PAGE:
Do you typically go through a rigorous process of planning and testing?

Yes, we have a process of research and development with all of our projects. With Meta vs Life, we ran a week of R&D on it last year and prior to that we had some sessions in 2021. The process is very much about exploration, finding out what works and what doesn't, so that we have a degree of confidence in what we’re capable of putting together as the project nears fruition. We worked with Escape the Room, a fantastic company based in the United States that had experience of creating escape rooms on the Gather Town platform. It has been really important for us to have a partner who is an expert in this field to help us address any issues, to manage the application programming interface (API) and fully support us in all of the technological aspects that make this work.

What’s next? Will there be a second run of Meta vs Life?

It's a really difficult one to think about remounting — and it's not so much the online element, but the in person part. A lot of work goes into building the locations so, ‘never say never’, but I think it was probably a one off. But, like all of these projects we will have learned such a huge amount from Meta vs Life by the time it’s over.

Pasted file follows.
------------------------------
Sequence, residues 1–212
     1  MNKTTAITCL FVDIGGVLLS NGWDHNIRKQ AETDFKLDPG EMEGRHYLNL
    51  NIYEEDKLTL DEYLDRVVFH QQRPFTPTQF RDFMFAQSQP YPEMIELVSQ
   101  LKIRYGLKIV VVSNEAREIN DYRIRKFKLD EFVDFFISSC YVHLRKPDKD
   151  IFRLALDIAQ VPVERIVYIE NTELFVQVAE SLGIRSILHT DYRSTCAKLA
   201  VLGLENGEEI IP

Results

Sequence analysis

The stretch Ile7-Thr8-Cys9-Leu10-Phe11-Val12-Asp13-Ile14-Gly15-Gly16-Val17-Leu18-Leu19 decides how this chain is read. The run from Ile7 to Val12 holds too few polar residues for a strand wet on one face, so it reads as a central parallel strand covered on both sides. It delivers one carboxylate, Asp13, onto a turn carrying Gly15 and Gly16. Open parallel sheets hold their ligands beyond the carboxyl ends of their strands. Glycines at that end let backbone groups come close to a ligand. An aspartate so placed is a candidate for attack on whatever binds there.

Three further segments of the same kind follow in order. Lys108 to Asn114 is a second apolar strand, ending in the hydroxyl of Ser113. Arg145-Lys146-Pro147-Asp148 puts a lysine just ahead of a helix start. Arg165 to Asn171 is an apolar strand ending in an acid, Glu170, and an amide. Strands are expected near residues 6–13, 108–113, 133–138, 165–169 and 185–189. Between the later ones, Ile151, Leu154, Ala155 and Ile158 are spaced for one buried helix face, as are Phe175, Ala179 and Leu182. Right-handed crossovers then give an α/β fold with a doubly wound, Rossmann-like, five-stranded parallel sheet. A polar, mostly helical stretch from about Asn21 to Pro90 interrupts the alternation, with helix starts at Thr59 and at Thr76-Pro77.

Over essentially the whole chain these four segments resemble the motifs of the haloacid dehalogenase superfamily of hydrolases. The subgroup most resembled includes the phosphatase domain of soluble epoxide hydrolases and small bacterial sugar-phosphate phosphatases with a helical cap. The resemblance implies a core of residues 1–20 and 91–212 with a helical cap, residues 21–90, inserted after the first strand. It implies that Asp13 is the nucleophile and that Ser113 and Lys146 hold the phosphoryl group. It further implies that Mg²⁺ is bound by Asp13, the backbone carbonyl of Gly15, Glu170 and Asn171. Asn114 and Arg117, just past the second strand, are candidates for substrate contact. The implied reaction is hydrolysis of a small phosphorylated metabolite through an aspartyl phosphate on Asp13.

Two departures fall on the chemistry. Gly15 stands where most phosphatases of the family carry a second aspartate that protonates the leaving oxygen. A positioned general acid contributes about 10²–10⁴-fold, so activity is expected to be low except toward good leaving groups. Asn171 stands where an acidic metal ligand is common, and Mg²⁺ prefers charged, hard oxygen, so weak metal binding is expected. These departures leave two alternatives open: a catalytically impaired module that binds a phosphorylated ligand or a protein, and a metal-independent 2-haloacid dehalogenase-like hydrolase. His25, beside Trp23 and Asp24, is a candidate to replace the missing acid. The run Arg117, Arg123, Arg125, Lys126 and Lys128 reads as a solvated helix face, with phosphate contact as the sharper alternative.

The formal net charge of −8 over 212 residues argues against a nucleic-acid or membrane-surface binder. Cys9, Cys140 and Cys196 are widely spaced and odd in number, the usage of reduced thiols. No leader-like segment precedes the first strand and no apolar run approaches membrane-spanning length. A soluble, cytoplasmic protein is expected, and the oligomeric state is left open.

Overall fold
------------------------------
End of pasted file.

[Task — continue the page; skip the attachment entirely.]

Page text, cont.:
Next up for us is the Hijacked Unity Festival this summer, where we invite a lot of other theatre companies similar to Hijinx to come from all around Europe to perform and to take part in a wide array of events. Aside from that I have been working on a show with the Sherman Theatre here in Cardiff called Housemates. It went very well and we’re gearing up to do a big tour of that in spring 2025. For us, it's on another scale, going into medium scale venues, and hopefully we’ll get a London run as well at some point. It’s all very exciting.

On the tech side there is now an opportunity to take stock and carefully consider our next foray into this area. The fusion of tech and theatre is certainly something that I'm very interested in continuing to pursue, especially after seeing how audiences and our artists have responded so positively to it.

Do you have any closing thoughts?

We've really embraced the potential of technology as a theatre company. Although we were initially forced to do it because of the pandemic, we've certainly enjoyed finding new and exciting ways to use technology and to present our work. As a company, one of our strengths is flexibility and the willingness to adapt. Embracing technology has given us a fantastic way to do exactly that.